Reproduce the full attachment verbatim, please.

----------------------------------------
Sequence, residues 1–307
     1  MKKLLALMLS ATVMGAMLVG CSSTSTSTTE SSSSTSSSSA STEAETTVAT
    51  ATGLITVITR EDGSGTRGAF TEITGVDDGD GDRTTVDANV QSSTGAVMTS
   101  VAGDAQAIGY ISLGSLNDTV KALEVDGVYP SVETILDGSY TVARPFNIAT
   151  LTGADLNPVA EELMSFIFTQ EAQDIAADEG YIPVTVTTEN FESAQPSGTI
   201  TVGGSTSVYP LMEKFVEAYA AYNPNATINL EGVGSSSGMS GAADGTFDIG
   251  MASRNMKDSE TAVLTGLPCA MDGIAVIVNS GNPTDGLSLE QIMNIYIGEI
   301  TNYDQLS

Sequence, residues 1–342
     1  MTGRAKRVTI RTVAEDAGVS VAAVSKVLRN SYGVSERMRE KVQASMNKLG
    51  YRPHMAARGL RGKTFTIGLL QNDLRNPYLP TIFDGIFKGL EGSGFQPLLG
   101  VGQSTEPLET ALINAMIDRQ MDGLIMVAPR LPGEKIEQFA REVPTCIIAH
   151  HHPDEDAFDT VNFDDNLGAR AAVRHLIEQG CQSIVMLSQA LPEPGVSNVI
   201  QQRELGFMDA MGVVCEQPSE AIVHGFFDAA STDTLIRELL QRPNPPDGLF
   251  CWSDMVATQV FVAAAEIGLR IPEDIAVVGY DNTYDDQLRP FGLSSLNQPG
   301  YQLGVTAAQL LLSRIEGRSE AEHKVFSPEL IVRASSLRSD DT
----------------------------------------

Sequence, residues 1–307
     1  MKKLLALMLS ATVMGAMLVG CSSTSTSTTE SSSSTSSSSA STEAETTVAT
    51  ATGLITVITR EDGSGTRGAF TEITGVDDGD GDRTTVDANV QSSTGAVMTS
   101  VAGDAQAIGY ISLGSLNDTV KALEVDGVYP SVETILDGSY TVARPFNIAT
   151  LTGADLNPVA EELMSFIFTQ EAQDIAADEG YIPVTVTTEN FESAQPSGTI
   201  TVGGSTSVYP LMEKFVEAYA AYNPNATINL EGVGSSSGMS GAADGTFDIG
   251  MASRNMKDSE TAVLTGLPCA MDGIAVIVNS GNPTDGLSLE QIMNIYIGEI
   301  TNYDQLS

Sequence, residues 1–342
     1  MTGRAKRVTI RTVAEDAGVS VAAVSKVLRN SYGVSERMRE KVQASMNKLG
    51  YRPHMAARGL RGKTFTIGLL QNDLRNPYLP TIFDGIFKGL EGSGFQPLLG
   101  VGQSTEPLET ALINAMIDRQ MDGLIMVAPR LPGEKIEQFA REVPTCIIAH
   151  HHPDEDAFDT VNFDDNLGAR AAVRHLIEQG CQSIVMLSQA LPEPGVSNVI
   201  QQRELGFMDA MGVVCEQPSE AIVHGFFDAA STDTLIRELL QRPNPPDGLF
   251  CWSDMVATQV FVAAAEIGLR IPEDIAVVGY DNTYDDQLRP FGLSSLNQPG
   301  YQLGVTAAQL LLSRIEGRSE AEHKVFSPEL IVRASSLRSD DT